The Theosophical Forum – September 1936



(From the Sydney, Australia, Theosophical Study Class)

Looking back many years, I find it hard to say exactly what attracted me to Theosophy, but I can very easily tell what has kept me attracted. The teaching of Reincarnation was one of the first things. I remember as a child of eight or thereabouts, thinking what a lovely thing it would be if we could come back and start from where we left off. I had probably been naughty and felt it was a hopeless task to be as good as I wanted to be, and it flashed across my mind that we could, if given more chances, learn to be good!

In my early childhood I was a regular attendant at the Methodist Sunday School. In the country we had mostly uneducated Sunday School Superintendents, and the heaven and hell of angels and eternal fires respectively were dinned into our young minds. Even so young I realized how hard it was to do all the good things and not to do the naughty things, and the idea of Reincarnation to my childish mind was reasonable! How much more does it seem so now, with the knowledge of the teaching of Karman. How different every apparent trouble appears when we consider it as an adjustment: within it an opportunity and a lesson, if we will see it! We are our own karman.

It is the sweet reasonableness of the teachings of Theosophy that has kept me wanting to follow them still further. These teachings alter the whole aspect of our lives. It is as if we looked at things from a brighter viewpoint; we see them as a whole, connected and illuminated with a brighter light. We understand more, and so much is clearer that we have faith that those things which we do not see so well will also become clear as we climb a little higher. — Ada Bardsley

What attracts me about Theosophy? Simply the fact that it is a straightforward ancient Religion or Philosophy that has been known throughout the ages in many countries. It is no new-fangled teaching or belief that sprang up in a night, that attracts for a time and soon leaves one floundering again. No! It is changeless, and gives one a clear and fuller insight into life and its problems, giving satisfactory answers to many questions.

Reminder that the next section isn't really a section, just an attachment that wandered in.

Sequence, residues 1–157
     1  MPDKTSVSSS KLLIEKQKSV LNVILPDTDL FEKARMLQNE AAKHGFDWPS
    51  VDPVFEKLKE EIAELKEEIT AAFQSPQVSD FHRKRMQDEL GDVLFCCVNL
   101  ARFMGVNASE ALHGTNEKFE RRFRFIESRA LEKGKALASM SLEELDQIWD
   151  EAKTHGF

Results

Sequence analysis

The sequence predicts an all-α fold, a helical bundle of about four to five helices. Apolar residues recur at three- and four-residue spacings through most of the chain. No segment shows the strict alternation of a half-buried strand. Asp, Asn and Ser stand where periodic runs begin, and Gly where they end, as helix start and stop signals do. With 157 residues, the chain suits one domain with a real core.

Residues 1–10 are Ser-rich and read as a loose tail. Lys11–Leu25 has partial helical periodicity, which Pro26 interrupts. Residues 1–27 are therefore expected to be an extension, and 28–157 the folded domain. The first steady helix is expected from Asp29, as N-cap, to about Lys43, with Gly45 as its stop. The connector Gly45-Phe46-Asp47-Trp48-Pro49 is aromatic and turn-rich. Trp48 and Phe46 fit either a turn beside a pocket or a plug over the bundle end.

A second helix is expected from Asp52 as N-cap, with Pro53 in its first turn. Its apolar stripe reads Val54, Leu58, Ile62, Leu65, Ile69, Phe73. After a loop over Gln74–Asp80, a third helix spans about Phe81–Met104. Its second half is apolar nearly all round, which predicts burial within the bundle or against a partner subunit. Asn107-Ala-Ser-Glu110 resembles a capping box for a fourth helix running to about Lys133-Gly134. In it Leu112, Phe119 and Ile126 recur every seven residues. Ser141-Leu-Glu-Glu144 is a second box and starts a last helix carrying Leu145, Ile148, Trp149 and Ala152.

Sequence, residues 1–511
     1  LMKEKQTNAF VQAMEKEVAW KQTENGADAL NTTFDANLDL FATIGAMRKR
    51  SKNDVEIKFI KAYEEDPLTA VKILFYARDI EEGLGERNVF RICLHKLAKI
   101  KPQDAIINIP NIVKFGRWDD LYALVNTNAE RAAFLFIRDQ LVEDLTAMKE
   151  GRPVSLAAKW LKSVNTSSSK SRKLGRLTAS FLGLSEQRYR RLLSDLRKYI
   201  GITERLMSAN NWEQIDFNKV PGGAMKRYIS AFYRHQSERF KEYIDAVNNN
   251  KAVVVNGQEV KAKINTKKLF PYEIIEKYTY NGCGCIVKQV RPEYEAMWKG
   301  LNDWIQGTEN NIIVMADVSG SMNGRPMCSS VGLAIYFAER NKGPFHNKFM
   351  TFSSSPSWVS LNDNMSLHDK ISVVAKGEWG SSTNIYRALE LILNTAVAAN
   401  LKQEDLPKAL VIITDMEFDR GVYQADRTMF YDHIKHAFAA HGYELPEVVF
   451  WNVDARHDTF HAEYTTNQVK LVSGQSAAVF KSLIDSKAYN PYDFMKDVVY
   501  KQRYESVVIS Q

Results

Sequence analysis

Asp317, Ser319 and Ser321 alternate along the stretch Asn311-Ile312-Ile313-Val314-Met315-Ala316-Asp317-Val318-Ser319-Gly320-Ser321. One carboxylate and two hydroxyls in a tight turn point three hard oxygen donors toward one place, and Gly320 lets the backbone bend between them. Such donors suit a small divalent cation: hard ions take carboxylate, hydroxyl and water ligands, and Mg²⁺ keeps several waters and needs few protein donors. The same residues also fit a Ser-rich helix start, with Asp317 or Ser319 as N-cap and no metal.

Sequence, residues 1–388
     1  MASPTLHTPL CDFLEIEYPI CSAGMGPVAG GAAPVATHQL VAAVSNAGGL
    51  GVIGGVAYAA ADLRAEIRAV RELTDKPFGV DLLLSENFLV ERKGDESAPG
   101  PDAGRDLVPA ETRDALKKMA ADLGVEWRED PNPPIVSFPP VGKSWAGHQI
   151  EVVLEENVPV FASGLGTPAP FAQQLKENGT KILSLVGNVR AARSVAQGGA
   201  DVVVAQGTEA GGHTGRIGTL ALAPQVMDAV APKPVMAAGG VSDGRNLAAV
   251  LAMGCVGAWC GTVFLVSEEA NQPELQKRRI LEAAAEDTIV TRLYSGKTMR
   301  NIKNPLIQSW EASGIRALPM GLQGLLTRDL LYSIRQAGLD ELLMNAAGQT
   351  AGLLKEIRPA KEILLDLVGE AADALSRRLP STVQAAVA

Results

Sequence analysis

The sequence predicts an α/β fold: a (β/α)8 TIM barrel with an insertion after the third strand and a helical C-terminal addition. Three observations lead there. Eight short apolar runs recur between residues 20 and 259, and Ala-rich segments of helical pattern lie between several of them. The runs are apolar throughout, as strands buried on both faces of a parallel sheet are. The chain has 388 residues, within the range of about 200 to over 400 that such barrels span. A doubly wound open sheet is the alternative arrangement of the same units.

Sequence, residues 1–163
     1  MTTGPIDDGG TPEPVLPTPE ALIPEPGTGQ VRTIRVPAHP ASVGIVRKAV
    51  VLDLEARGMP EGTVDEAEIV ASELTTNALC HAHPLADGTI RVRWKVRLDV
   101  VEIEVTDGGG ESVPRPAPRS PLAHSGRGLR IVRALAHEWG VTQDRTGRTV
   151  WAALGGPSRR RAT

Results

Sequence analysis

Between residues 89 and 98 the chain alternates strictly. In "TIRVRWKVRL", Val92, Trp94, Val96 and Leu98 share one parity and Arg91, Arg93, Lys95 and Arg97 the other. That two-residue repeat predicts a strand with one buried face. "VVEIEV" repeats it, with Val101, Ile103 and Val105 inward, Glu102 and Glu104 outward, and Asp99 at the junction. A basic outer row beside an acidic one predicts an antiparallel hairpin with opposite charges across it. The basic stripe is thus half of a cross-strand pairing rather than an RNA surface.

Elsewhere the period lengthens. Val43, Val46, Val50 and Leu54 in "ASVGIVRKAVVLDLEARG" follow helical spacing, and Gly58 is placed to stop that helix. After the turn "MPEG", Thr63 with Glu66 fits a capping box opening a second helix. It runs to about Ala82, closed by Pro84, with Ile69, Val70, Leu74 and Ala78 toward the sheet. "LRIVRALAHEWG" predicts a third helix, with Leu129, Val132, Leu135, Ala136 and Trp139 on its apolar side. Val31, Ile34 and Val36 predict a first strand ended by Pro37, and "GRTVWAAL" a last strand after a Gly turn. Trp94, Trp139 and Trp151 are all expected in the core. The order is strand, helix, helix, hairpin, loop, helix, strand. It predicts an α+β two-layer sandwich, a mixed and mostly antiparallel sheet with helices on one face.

Through Theosophy one learns the simple truths of life; it helps one to understand himself and the "other man." It is free from dogmas. It is not a matter of "burning fire" when one passes on, but "Whatsoever a man soweth, that shall he also reap"; and we must all do our own reaping. This is what I find so attractive about Theosophy — its fairness: each man has to account to himself for his own actions, and to no other person, whether seen or unseen. — Ethne Hinchey

If we were to write one word embracing all that drew us to Theosophy, that word would be Justice. There is a wonderfully clarifying element in absolute Justice that commands attention. It holds the truth; it deals impersonally, compassionately, with every man. We find it in all the teachings of Theosophy: Reincarnation, Karman, the Doctrine of Cycles, the Brotherhood of Man — all these drew us to Theosophy. Likewise the object drew us: To make Theosophy a living power in our lives; to spread it, and that is to live it; to go about our daily work in such a manner as will prove the inner working of a spiritual power; and to know that we can become channels through which love and peace can flow out to help and heal the sore and sad hearts who have not yet found their way to the source of true living.